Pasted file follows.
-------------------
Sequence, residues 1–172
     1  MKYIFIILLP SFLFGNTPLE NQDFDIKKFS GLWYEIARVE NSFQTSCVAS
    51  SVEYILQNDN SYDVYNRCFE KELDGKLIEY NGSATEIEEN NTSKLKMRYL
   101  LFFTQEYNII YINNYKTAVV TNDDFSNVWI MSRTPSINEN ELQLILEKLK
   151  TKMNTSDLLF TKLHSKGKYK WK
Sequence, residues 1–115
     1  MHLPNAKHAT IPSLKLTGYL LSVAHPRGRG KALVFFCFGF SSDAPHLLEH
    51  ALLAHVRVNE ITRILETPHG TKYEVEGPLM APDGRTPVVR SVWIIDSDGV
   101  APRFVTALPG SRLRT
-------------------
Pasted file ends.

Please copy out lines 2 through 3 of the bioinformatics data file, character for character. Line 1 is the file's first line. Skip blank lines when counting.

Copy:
     1  MKYIFIILLP SFLFGNTPLE NQDFDIKKFS GLWYEIARVE NSFQTSCVAS
    51  SVEYILQNDN SYDVYNRCFE KELDGKLIEY NGSATEIEEN NTSKLKMRYL